Councillor Shelley Carroll

Find out the latest news and upcoming events in your neighborhood. Politics, news, views, and links from Ward 33 Councillor Shelley Carroll.

Friday, June 29, 2007

F.A.Q.: Land Transfer Tax/Vehicle Registration

To my ward 33 constituents:

This is a long explanation, but I am hoping to touch on all questions asked. If you email further questions, we will get back to you as soon as possible. If you provide your mailing address in your reply we will note and file it in case there is a mailing after Council makes its decision.

Before the Provincial Government included what they called ‘Revenue Tools’ in the City of Toronto Act (COTA) last year, a great deal of fact-finding and formal third-party auditing of our finances took place. What the Province learned was that we are within normal range of efficient spending in all departments. The Province’s chosen firm, KPMG, even found that the downloaded social services in the City of Toronto were the most cost efficient in all of Ontario.

Essentially, the Province and City found that the City of Toronto has a revenue problem rather than a spending problem. Since current value assessment has placed hardship on large sections of Toronto, and since a large portion of our ratepayers are seniors living on fixed incomes and small investments, dealing with this problem entirely on the property tax base could be devastating. So, as a solution, the group of proposed taxes and user fees the Province included in the COTA are the same ones used by other cities as large as ours, throughout North America. Remember that Toronto is at least 100% larger than any other city in Canada, making a North America wide comparison necessary.

Out of the 8 taxes and fees COTA proposed, the two we’ve chosen to vote on, Land Transfer Tax and Vehicle registration, are not only the most efficient to implement but also disadvantage the least number of citizens. In addition, staff is proposing the same rebate to first time homebuyers as the Province uses in its own Land Transfer tax. On properties less than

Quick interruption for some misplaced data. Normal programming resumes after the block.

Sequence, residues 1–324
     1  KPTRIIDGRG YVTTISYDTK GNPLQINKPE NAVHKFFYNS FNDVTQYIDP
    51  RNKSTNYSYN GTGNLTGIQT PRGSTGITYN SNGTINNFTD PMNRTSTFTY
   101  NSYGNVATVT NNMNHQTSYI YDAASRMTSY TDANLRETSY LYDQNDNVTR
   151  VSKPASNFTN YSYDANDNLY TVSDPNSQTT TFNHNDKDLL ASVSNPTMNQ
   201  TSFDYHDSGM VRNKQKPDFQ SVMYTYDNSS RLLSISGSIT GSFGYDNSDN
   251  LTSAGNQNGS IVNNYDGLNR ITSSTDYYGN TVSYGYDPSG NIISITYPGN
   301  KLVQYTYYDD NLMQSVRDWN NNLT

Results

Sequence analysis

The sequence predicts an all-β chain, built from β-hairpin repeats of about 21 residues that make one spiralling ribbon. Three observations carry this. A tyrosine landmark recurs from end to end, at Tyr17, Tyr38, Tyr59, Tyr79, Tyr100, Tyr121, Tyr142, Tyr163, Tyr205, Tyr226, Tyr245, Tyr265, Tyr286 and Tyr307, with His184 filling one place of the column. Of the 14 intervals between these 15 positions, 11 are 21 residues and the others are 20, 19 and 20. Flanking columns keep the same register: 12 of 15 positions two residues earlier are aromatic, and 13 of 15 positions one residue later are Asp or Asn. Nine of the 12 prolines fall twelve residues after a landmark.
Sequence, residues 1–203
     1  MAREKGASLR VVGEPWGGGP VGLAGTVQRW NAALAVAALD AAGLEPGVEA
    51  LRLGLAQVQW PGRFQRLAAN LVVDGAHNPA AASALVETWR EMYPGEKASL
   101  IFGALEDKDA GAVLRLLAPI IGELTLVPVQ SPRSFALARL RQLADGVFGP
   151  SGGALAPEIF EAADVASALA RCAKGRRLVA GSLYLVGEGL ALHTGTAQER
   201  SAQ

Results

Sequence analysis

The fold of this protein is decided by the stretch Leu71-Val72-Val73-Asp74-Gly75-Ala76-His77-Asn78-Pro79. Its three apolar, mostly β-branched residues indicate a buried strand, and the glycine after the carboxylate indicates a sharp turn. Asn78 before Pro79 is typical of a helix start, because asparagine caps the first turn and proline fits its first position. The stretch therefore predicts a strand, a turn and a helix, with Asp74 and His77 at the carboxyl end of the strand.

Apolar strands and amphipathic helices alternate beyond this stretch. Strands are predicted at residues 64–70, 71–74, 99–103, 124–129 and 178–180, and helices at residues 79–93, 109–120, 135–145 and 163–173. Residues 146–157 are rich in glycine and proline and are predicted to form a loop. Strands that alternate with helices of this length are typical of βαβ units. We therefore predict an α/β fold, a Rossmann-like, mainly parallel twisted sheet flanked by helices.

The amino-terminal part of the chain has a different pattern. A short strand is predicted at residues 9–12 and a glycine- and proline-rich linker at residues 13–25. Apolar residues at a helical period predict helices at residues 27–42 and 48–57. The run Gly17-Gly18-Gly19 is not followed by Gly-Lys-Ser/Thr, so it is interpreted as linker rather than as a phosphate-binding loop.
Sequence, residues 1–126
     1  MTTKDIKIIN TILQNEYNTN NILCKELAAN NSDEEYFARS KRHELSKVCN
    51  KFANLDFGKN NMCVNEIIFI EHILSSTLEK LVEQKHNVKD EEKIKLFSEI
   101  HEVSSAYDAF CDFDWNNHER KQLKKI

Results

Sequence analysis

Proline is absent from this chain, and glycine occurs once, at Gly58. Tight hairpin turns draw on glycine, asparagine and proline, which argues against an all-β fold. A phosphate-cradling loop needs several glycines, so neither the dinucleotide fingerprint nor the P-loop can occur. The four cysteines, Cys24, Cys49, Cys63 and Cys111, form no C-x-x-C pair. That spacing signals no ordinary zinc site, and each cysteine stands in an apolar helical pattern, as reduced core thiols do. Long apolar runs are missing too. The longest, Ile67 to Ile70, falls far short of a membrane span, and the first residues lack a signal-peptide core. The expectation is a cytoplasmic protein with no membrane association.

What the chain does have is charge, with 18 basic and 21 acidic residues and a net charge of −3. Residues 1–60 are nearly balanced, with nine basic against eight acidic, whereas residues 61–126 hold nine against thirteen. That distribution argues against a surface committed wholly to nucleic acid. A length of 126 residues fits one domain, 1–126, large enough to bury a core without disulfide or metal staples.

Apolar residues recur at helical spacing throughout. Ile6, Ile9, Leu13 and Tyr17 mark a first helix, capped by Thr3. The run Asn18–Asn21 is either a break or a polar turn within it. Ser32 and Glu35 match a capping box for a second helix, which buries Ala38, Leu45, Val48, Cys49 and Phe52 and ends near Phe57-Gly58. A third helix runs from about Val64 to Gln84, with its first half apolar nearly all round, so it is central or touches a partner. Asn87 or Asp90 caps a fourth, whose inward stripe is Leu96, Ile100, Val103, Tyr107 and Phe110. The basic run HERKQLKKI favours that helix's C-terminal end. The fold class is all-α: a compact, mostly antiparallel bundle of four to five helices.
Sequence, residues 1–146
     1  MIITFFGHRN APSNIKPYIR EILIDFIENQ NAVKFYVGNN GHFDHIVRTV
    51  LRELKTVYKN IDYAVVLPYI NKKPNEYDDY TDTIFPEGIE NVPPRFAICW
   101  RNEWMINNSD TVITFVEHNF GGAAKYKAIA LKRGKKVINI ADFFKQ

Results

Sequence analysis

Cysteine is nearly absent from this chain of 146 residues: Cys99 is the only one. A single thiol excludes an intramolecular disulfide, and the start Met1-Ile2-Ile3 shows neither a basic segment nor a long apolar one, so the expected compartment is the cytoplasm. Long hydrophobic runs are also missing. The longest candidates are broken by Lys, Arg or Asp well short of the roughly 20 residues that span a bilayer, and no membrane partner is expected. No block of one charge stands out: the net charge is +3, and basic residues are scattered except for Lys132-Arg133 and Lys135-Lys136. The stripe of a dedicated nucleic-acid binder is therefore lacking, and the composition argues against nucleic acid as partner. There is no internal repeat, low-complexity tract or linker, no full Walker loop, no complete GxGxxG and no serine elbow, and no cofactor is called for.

$250, 000 for instance, a first time buyer would pay in the range of $225.

Regardless, it continues to be my responsibility as Budget Chief to find further efficiencies every year in the budget process to balance reductions in our overhead with investment in new services, parks and facilities that the people of Toronto continue to request. Last year my dedicated Budget Committee and finance staff found $80 million in efficiencies. That work will continue.

Currently, my position is as follows: My ward and the rest of the City are full of neighbourhoods made very valuable through the wonderful care of long time homeowners. Residents who invested as much as they could afford for homes years ago, due to the boom in property values, are now paying property tax on assessed values they never expected to see in their lifetimes. By diversifying our streams of revenue, Council would not have to tax these people, who have made our city great, right out of their homes. The vehicle registration fee would bring much needed investment to our roads but rather than gather these funds based on the unrealized value of your home, we would gather this investment based on the number of cars each household is putting on the road.

While the Provincial Government has committed to examining the issue of Provincial downloaded services and the lack of funding provided to Cities for their delivery, no upload will happen before our 2009 Budget at the earliest. While the official opposition party promises the same thing, election timing dictates that they would likely be unable to deliver an upload of costs any earlier. This is a key issue since the shortfall in social services transfer payments came to $73 million this year alone, an amount equivalent to your 3% property tax increase.

When the City’s consultant studied the COTA revenue tools in other Cities, they found that in Cities where these were implemented over time, that City’s reliance on the property tax stabilizes and is eventually reduced. We study Chicago carefully because it has a similar population at 2.8 million and a similar surface area. Today, after over 18 years of phasing in these revenue tools, an income tax to fund social programs, and finally, a sales tax to accommodate growth, Chicago’s reliance on property taxes is $750 million annually. Their property values and real estate market are as strong as or stronger than Toronto’s.

With no other form of direct taxation, Toronto’s reliance on property taxes is $3.2 billion annually. Our average property tax is lower than the average home in ANY GTA city and we strive to maintain that level since Torontonians contend with so many other urban challenges including skyrocketing assessments. My support for the Land Transfer Tax and the Vehicle registration fee stems from the fact that I cannot empty the pockets of our many senior homeowners, to meet the needs of those moving up the property ladder because they are growing in financial wealth or to generate the wealth of property speculators, not when the need for revenue is so clear in the City’s and the Province’s evaluation of our books.

Signed, Shelley Carroll